The lobby group is holding its biennial conference this week and looking at the future of the sector now that the tap has been turned off on the $450 million worth of loans the previous government promised.

Under National, irrigation was seen as one of the key ways of driving economic growth, resulting in it setting up Crown Irrigation Investments, a company willing and able to dole out millions in loans to fledgling irrigation schemes.

Irrigation New Zealand chief executive Andrew Curtis said in the end it only granted a small portion of money with the most significant contributions still to come. . .

Broken food systems – developing a citizen-centric NZ food strategy – Nadine Porter:

The global devaluation of food in developed countries due to physical, digital and biological advances has been the catalyst for destruction of both social, cultural and economic systems and New Zealand, in the absence of an ethical humanity centred ‘whole food system’ risks the same deterioration and consequences, other first world nations are attempting to reverse.

Lack of understanding around the role of food as a connector in every facet of our lives not only diminishes the importance of food production – it further industrialises and negates the responsibilities of the process, which in turn reshapes the‘economic social, cultural and human context in which welive’.(1)

At a time when discourse and a disconnect between those on the land and those in built up areas is at unparalleled levels, questions and negative scrutiny has and will continue to be levelled at the New Zealand farming fraternity – the scapegoats and the legacy of citizens who have been progressively severed from their local food systems. . .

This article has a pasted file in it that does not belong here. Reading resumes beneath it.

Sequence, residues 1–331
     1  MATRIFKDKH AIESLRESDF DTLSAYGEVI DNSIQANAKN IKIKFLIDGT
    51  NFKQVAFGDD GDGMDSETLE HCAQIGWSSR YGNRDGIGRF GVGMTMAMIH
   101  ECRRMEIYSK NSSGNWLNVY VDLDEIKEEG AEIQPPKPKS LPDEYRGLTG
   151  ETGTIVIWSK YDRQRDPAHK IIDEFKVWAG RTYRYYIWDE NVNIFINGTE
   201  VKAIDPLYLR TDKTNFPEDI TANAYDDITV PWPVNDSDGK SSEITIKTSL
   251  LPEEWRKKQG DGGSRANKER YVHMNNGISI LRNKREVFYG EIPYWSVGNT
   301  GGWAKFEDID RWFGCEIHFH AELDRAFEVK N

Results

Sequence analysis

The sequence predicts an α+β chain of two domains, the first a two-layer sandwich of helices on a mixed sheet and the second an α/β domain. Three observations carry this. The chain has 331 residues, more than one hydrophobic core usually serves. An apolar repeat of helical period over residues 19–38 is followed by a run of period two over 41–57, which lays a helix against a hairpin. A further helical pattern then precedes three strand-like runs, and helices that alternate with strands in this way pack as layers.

Govt risking rural communities’ mental health:

The Rural Health Alliance Aotearoa New Zealand (RHAANZ) will begin shutting its doors due to a lack of support from the Government and may not be able to provide vital mental health services into the future, National Party spokesperson for Mental Health Matt Doocey and National Party spokesperson for Rural Communities Matt King say.

“It has been confirmed that RHAANZ will begin shutting its doors because they don’t have critical infrastructure to hold Government contacts, including the rural mental health initiative,after the Government failed to commit funding to ensure the alliance could continue,” Mr Doocey says. . . 

Government again targets regional New Zealand:

National stands behind New Zealand’s international commitments to reducing emissions but has cautioned against drastic action which will unfairly impact New Zealand farmers and businesses, spokesperson for Climate Change Todd Muller says.

“The Government has today established an Interim Climate Change Committee that will work on New Zealand’s efforts to meet our international climate change commitments – and right away set it the task of targeting regional New Zealand.